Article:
September 20 - Russian Prime Minister Vladimir Putin (pictured) has released two leopards into the wild in a bid to revive the fortunes of the rare cats in the Caucasus and soothe ecological worries over 2014 Sochi Games.

Caucasian or Persian leopards disappeared from the Caucasus in the 1920s due to excessive hunting.

Turkmen President Kurbanguly Berdymukhamedov sent two male leopards caught in Turkmenistan by plane to Sochi.

Female leopards are to follow.

Putin said: "We are standing here and admiring your animals.

"Glorious animals, very beautiful."

Putin was joined by senior International Olympic Committee members (IOC) officials, including Jean-Claude Killy, the chairman of the IOC's Coordination Commission for the 2014 Games, and Gilbert Felli, the IOC's director of the Olympic Games.

Russia won the right to host 2014 Winter Olympic Games in Sochi and major construction works are about to begin.

Killy said: "I think Russia is on its way to organising an exceptional Olympic Games."

Putin stared in silence at one of the leopards, which initially refused to abandon his traveling cage, visibly stressed after its long journey.

He said: "Good boy.

"We have found common language, they understand me."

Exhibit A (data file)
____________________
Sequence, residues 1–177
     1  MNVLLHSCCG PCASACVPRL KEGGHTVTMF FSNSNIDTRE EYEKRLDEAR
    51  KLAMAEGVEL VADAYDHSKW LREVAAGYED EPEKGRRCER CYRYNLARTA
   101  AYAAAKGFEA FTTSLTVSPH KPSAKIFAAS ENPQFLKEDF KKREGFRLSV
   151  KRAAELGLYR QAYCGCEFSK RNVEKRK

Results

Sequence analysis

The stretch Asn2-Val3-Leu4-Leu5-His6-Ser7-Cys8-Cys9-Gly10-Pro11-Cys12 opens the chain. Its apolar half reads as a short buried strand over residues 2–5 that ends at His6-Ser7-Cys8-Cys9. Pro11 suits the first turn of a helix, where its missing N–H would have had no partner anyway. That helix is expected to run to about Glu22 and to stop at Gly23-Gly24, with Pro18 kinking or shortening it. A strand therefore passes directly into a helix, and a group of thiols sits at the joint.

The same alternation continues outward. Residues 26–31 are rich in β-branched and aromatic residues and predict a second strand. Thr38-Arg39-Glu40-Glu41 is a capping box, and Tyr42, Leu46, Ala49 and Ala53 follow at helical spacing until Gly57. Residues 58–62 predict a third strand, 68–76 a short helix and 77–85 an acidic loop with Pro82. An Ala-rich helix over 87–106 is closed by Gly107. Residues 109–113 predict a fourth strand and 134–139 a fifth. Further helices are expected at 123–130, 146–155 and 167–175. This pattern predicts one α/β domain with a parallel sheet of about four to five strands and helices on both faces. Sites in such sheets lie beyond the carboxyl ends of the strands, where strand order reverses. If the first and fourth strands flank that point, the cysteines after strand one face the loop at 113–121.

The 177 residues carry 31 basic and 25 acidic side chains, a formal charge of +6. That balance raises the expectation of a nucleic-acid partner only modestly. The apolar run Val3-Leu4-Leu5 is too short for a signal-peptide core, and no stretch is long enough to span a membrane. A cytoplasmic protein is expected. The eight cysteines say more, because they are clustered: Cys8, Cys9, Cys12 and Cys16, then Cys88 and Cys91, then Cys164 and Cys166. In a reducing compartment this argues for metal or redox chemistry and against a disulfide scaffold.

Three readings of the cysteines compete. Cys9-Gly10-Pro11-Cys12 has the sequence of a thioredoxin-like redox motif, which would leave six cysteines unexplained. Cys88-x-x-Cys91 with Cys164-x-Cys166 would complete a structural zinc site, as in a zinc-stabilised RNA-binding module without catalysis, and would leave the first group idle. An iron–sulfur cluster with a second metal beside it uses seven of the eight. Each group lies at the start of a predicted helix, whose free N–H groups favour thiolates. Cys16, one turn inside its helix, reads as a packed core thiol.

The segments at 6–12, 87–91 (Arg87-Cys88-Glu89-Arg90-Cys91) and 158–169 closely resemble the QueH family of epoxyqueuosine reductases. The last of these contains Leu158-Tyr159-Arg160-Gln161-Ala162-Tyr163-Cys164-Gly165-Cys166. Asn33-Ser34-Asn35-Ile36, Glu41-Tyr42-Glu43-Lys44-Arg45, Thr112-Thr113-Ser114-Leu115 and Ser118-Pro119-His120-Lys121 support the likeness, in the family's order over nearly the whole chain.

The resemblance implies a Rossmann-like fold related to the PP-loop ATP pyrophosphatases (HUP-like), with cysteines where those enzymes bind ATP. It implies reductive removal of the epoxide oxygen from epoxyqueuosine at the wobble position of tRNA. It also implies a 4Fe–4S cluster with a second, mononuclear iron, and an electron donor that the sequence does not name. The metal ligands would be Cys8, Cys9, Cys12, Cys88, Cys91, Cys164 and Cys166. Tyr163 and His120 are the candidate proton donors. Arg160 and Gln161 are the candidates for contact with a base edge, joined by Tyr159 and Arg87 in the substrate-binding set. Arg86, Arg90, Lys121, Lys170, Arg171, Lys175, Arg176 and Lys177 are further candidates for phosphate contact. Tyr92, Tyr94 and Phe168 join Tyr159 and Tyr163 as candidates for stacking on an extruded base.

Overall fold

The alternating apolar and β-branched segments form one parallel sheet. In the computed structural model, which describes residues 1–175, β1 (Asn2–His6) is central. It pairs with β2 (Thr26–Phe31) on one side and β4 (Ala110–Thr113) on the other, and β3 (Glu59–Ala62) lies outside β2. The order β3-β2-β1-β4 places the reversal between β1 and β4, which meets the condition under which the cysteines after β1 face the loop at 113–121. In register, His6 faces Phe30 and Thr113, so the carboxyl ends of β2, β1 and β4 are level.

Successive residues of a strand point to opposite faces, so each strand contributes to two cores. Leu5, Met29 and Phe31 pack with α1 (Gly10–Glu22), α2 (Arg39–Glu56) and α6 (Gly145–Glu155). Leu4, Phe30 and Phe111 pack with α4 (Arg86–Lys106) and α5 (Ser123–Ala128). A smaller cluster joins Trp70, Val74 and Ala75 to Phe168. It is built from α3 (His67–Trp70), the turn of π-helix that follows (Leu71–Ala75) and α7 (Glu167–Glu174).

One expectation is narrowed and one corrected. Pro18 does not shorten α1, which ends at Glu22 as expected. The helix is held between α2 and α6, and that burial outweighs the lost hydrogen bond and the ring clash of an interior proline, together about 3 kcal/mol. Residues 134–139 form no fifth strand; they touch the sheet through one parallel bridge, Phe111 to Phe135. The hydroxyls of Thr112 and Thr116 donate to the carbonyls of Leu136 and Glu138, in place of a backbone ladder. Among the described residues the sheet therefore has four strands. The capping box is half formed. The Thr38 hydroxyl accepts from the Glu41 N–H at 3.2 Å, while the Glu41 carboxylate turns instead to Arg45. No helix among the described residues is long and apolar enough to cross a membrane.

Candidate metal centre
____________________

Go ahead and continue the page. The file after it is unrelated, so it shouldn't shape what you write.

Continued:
The leopards will gradually move to a larger fenced area of the park before they are released into the wild.

Scientists plan to bring female leopards at a later stage and hope some 30-50 cats will be living around Sochi in six years.

The centre in Krasnaya Polyana near the Black Sea resort of Sochi will be Russia's first hub for saving the an leopards from extinction.

One of major tasks facing the new facility will be to repopulate the entire Russian Caucasus with leopards within the next 10 to 15 years.

The rare animals are on the Red List of Threatened Species compiled by the International Union for Conservation of Nature.

There are still some leopards in Iran and in the  former Soviet states of Georgia, Azerbaijan and Turkmenistan.

Putin said: "It's good that the project is actually an international one."

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